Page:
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Woody Allen critic steps in sexual quick sand

Woody Allen and wife Soon Yi Previn
Getty Images

NY Times columnist Nicholas Kristof thought it was just fine to hand over his column to Dylan Farrow so she could vilify filmmaker Woody Allen with her allegations of sexual impropriety from 22 years ago. So what are we to think when Kristof then holds a contest and picks a beautiful 20-year-old college girl to go on an international trip with him?

In today’s NY Times Kristof announced the “winner" of his self-promoted “Win A Trip with Nick” contest. According to the column, the winner is Nicole Sganga, a 20-year-old journalism student at the University of Notre Dame. Here is her photo and her video submission to the Times' contest.

From the first flirty batting of her eyes in the video’s opening frames to the shots of Nicole in a form-fitting t-shirt and tight jeans seen from behind bending down to “paint” her story (with a flash of midriff seductively exposed), to the ending where she implores “Dear Mr. Kristof...I would love nothing more than to travel to Africa with you,” the video oozes an implied sexual availability that any man will immediately grasp. It plays like the journalistic version of Marilyn Monroe singing "Happy Birthday, Mr. President."

Yet Kristof sees nothing wrong with “awarding” this under-21 college student an all-expense paid international vacation with him sans a chaperone of any kind. He is even funding the trip himself.

I understand that Kristof has been sponsoring this trip since 2006, and it is probably a very innocent, selfless effort to promote his chosen field of journalism to young college students. And I don't doubt for a moment that Ms. Sganga is a dedicated journalism student and talented photojournalist who entered the contest with the best of intentions.

But the appearance of impropriety is still there. And Kristof has done little to dispel the awkwardness of a middle-aged married man traveling abroad alone for ten days with a single 20-year-old female that he barely knows.

“I’m not sure yet where we’ll travel for our reporting together on neglected issues. Perhaps Congo. Maybe Myanmar,” Kristof writes. “In past years, I’ve sometimes taken along a teacher or older person, but I’m afraid this year it’s just a university student.”

It smacks of an episode of “To Catch A Predator” and is unethical at best.

Maybe Kristof’s wife will be traveling with them (his columns don’t say). Maybe there are other built-in safeguards that will lessen the suggestion of impropriety (though the contest rules don’t suggest any).

But as a man who let his NY Times real estate be hijacked by Farrow to sully the reputation of a man who has not been charged with any crime, and whose sexual allegations grew out of an acrimonious custody battle, Kristof should know that he is not immune from the same glaring public spotlight of doubt and unsubstantiated suspicions that he so easily cast at Allen.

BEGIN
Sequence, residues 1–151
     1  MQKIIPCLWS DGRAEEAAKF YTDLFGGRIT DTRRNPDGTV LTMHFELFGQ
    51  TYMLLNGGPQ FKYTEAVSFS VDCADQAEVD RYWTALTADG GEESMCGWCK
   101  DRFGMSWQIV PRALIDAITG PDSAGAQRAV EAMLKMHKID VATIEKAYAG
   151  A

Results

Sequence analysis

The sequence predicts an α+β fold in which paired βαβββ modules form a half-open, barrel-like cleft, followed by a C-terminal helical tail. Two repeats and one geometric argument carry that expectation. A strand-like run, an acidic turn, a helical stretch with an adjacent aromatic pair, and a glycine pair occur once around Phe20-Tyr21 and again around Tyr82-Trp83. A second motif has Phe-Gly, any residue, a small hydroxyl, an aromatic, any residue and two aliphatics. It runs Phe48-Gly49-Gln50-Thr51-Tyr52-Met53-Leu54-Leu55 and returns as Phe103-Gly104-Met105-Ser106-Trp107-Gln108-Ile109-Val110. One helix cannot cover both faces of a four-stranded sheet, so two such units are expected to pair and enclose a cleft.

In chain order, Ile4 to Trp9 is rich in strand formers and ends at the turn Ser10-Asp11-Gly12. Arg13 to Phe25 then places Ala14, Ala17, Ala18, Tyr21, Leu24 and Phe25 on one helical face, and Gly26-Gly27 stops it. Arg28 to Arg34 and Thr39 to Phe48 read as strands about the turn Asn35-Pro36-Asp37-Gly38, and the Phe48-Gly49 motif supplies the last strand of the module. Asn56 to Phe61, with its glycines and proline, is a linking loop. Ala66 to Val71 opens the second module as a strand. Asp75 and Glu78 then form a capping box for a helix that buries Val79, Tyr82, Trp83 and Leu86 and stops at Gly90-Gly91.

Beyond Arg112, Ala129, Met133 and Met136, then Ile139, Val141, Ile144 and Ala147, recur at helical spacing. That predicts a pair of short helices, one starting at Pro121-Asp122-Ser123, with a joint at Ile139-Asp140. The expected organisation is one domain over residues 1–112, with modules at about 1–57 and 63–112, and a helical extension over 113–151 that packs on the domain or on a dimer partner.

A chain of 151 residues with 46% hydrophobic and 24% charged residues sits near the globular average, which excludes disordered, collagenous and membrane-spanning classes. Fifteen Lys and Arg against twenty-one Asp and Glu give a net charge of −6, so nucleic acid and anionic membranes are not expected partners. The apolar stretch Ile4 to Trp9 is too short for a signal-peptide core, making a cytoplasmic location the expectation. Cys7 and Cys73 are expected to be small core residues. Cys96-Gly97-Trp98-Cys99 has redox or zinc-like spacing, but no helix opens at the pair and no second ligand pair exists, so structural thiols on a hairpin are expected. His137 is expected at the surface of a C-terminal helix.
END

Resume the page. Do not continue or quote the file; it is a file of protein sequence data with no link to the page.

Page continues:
(Let’s be clear: no one is equating Kristof with the allegations against Allen. Traveling alone with a 20-year-old woman does not make Kristof a pedophile. But the fact that Allen dated 20-year-old Soon Yi Previn does not make him a pedophile either, though you wouldn’t know that from the intensely unfair, inaccurate media coverage Farrow’s accusations have generated.)

If Kristof’s editors have any journalistic ethics, they will immediately cancel this year’s “Win A Trip with Nick” contest and apologize publicly for their employee’s dubious journalistic standards. They can honor their offer and send Ms. Sganga to Africa on her own or with a parent. But they should not lend the venerated name of the New York Times to a contest which can easily be interpreted as predatory sexual behavior masked as a free giveaway.

And should Kristof find this column somewhat unfair in its insinuations, well, he can consider that in the context of his own hypocrisy. A man in his mid-sixties who offers to escort a college-age woman on an all-expense paid vacation under the guise of an educational grant should not be casting the first stone.

Middle-aged journalists should not be “awarding” free trips with them to young, ambitious college girls, regardless of the sincerity of their intent.

And middle-aged journalists should not be using the spotlight of their national column to malign the reputation of other middle-aged men.

Especially when it’s done with the same broad brush strokes of malicious insinuation that I have quite purposely employed here.

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